On August 14, 2019 our students participated in an experiment to see how many times student-cell phones received notifications. We were trying to determine exactly how many interruptions take place during a class period due to cell phones receiving notices from apps like Snap Chat, Instagram, video games, calendars, along with standard notifications from text messages and even phone calls. Students were given a post-it note and were asked to simply mark everytime their phone received a notification and at the end of class the teacher would add up all of the notifications and gather the total. The results were astounding. Here is the overall notification count from one day:
It was reported by many teachers that by 6th and 7th period many of the student’s cell phones had lost power and students were not able to charge their phones before the school day ended. We believe that these numbers could have been much higher if the student’s phones were able to remain charged for the entire school day.
These numbers were eye opening for the students and staff here at Ross Sterling Middle School. This lets us know that our students have a large amount of distractions that they are battling on a daily basis which is causing multiple interruptions to their daily learning and ultimately their overall academic success. For this reason we have done what similar schools across the country have done by developing a plan to help our students refocus on what matters most--LEARNING.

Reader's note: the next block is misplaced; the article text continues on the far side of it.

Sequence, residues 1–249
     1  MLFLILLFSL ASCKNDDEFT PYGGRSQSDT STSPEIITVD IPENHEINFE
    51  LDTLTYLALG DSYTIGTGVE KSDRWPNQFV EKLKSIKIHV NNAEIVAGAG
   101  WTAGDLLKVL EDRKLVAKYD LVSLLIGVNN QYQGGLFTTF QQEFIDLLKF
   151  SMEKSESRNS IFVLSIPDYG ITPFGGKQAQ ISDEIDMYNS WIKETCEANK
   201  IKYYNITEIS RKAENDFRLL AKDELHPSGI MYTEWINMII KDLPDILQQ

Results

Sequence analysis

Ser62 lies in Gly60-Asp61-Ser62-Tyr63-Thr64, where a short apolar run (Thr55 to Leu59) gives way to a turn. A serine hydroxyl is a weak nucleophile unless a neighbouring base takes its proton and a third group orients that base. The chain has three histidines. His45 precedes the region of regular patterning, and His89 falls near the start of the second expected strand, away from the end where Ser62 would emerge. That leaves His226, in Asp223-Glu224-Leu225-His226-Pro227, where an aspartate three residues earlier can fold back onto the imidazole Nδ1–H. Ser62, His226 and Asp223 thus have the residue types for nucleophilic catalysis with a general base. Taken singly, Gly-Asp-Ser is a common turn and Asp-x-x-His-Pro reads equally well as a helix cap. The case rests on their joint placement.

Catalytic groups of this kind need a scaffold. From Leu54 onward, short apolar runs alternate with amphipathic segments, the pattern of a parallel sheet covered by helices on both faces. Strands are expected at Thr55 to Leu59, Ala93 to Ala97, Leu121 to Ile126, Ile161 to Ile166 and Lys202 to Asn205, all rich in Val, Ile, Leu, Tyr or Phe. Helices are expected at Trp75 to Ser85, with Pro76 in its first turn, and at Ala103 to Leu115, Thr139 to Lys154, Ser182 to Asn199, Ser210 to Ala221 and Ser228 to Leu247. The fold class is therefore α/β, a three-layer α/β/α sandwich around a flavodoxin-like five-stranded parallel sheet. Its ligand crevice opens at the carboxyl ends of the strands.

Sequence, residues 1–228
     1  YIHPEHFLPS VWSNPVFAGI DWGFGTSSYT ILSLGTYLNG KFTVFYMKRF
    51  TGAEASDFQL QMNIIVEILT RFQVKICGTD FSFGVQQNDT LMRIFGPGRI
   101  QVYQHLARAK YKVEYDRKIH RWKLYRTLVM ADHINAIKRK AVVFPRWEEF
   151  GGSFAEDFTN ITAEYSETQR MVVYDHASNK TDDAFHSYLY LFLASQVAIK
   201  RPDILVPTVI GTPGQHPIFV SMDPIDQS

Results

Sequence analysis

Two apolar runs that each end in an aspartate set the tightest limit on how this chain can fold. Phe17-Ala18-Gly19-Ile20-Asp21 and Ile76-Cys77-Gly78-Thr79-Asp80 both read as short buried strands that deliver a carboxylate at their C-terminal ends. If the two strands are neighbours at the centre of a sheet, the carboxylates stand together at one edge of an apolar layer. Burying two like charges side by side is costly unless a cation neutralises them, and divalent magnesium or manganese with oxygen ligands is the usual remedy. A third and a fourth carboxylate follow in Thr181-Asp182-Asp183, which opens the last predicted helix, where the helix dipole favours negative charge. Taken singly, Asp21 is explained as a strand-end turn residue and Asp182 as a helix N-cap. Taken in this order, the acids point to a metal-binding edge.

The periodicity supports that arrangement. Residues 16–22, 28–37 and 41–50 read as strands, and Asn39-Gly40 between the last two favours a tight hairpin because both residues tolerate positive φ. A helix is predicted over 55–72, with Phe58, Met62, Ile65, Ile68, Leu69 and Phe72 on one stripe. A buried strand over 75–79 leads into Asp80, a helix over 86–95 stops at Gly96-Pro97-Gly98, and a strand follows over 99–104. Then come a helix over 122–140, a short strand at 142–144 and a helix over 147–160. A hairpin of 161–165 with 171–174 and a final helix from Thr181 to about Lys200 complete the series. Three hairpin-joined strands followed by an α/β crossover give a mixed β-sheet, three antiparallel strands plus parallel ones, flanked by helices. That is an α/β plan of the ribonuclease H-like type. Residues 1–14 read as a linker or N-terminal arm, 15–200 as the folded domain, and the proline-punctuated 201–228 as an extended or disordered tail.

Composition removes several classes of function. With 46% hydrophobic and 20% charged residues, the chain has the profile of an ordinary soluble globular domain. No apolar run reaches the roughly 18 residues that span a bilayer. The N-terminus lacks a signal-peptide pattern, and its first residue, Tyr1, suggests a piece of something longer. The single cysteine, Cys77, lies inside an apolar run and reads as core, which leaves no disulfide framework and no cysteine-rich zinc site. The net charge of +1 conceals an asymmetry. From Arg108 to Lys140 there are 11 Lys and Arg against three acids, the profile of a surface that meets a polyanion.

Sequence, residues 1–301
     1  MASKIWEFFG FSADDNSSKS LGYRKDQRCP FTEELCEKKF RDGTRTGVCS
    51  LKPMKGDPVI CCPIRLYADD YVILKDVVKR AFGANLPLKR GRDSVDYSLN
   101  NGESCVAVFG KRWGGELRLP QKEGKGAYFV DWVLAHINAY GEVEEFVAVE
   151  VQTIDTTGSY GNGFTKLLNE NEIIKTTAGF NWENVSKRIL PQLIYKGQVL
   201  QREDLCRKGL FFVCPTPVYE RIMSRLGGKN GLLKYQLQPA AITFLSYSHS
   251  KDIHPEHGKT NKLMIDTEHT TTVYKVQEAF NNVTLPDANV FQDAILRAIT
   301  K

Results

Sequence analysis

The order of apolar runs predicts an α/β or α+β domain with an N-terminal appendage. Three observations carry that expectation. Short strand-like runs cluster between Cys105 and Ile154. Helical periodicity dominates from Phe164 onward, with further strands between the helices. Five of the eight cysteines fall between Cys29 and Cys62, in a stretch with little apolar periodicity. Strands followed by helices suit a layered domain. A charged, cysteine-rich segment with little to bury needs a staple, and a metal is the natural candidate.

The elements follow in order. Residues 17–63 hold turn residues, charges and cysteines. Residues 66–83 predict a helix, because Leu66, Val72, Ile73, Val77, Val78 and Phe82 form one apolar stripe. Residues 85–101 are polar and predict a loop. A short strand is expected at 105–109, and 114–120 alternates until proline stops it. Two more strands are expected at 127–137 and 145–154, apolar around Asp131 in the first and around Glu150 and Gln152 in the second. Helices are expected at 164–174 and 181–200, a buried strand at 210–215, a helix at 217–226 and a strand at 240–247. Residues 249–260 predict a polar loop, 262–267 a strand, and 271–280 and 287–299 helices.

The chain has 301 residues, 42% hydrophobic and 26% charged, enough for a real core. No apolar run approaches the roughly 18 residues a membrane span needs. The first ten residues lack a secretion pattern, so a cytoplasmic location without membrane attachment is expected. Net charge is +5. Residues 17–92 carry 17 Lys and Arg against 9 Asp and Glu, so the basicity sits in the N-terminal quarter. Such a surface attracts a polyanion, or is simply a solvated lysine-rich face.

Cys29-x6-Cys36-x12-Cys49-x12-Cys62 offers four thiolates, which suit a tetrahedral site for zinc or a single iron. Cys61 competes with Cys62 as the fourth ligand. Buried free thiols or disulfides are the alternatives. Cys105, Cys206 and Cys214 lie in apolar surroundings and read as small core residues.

Students may still use cell phones for instructional purposes only with adult permission and supervision. Following the instructional activity, students will be instructed to put their phones away.
The reason for the enforcement is due to two main reasons: (1) distractions that cellular devices pose to our students in the classroom in an age of texts, emails, gaming, social media, and app notifications. (2) Increase in aggression, name-calling (sexual, racial), confrontations, and rumors/drama stemming from inappropriate and immature use of cellular devices.
SMS will still ensure parent communication with their child through traditional means: contacting the school by phone. We will continue to deliver a message to your child when needed. If you reach our voicemail, please understand we are with students, parents, and staff members -- our customers -- often, so leave a message or voicemail as our office staff checks their messages regularly. I promise you we will return your call before the day is out.
If you have concerns please contact Mr. Bartley at 281-641-6001 or email@example.com